Homer and the Unharvestable Sea

Reading the multifaceted book by Adam Nicolson on the Homeric poems has sparked a healthy review of a number of my earlier assumptions on the Iliad and Odyssey.  First, I should admit that I was amazed to find another reader who thought the poems unpalatably violent.

As most Greeks I was educated to uncritically admire and be in awe of the achievements of my ancestors.  The poems were required reading in different stages of the curriculum and their exegesis emulated a religious classes in its lack of rationalisation:  Abraham had no choice but attempt to murder his child and Achilles can kill the family of a girl to enslave her and still be noble.  On that basis the poems become metaphorical and often metaphysical.  Beautiful in their depiction of the human condition and admired as an achievement of human intellect but not capable of sustaining rational reflection.

Nicolson attempts to go a step further.  First, by providing an erudite analysis of the context within which the poems have been conceived and employed through the ages.  Secondly, by a confessional reflection of their importance to him.  And finally, through conjecture and academic hypothesis by offering a somewhat iconoclastic analysis of their impact to our civilization.  I recommend this book to anyone with a love of literature and the ancient world.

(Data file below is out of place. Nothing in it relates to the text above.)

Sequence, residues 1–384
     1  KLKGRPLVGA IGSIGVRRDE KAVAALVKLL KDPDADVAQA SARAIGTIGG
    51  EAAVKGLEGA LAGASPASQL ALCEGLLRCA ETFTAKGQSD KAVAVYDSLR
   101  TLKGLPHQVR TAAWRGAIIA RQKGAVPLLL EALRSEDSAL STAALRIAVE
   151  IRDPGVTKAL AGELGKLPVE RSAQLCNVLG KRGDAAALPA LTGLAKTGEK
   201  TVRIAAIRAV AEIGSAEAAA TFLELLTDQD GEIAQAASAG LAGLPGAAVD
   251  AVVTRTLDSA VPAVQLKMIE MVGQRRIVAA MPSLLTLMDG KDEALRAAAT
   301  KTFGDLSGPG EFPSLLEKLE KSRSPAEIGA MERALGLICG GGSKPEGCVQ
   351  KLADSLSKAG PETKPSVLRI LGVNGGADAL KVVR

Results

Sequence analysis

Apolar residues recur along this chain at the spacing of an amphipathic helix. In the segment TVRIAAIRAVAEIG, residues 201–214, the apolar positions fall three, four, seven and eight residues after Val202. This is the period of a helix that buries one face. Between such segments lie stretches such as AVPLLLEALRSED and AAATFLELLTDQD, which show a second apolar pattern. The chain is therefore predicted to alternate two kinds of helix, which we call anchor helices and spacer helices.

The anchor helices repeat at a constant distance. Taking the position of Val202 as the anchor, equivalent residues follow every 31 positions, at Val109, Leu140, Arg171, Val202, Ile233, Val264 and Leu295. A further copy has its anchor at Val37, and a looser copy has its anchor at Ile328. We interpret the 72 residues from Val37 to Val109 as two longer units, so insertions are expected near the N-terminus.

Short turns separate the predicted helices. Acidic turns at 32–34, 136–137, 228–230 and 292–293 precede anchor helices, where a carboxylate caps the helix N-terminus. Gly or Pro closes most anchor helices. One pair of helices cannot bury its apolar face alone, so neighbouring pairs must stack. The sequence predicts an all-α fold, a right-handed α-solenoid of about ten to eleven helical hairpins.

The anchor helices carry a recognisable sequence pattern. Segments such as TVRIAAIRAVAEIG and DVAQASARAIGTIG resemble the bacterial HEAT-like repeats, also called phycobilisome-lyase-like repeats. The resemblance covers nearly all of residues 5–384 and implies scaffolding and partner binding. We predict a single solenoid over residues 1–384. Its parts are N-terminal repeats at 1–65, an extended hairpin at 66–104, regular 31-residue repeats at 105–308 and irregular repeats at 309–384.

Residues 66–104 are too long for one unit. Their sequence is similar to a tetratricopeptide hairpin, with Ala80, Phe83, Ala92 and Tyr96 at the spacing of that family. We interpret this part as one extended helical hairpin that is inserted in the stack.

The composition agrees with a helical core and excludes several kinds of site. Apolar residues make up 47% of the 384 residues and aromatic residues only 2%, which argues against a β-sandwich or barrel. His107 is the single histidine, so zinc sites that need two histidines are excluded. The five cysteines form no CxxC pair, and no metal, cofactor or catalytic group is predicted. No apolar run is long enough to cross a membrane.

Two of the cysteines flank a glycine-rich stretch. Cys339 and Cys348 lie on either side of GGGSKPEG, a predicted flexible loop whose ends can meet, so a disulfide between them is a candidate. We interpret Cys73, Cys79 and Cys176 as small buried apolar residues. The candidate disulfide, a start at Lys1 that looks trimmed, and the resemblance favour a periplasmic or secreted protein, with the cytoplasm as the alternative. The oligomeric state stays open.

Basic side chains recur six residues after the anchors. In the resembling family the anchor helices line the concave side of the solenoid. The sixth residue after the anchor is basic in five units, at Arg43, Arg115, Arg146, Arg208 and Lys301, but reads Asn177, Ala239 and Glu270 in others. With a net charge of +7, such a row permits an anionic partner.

And some random comments:

  • The “unharvestable sea” sounds poetically melancholic but pontos atrygetos could also mean the “unharvested sea”, a sea full of promise.
  • Archetypes of the main heroes/heroines interestingly shift between the two poems.  Achilles certainty to Odysseas wile.  Helene as a pawn of destiny, while Penelope as an unweaver of her own.  This could be the basis of an exposition of archetypes with applications to present day challenges of agency. Homeric euegesia, (good leadership) may be subject to constant dynamics from primordial times.
  • From our ethical vantage, the Greeks are the barbarians who lay waste to a land and exact a terrible revenge for a perceived honour crime.  Multiple examples of the Greeks stealing and enslaving other peoples wives in the poems.  This lends credence to the claim by Nicolson that the Iliad reflects the memories of Greeks as an invading people around the 2nd millennium BC and the Odyssey marks an appreciation of the benefits of “civilization”.
  • Homer can be seen to sympathise with victims on all sides, but there is no denying that the recurring moral is one of the supremacy of power.  The magnificence of the poems is in describing heroes as human, conflicting and fallible who are ultimately destined to fall.
  • Nicolson makes the case that in the hexameter of the poems “words are not individual, separated lexical objects, but poetic lines, …. this is building a wall not brick by brick but panel by panel”.  I find this to be evocative of my understanding of the semantic analysis of any text and highly useful as a mental picture of language.

PS. Tom, thanks again for the referral!  A brilliant read.

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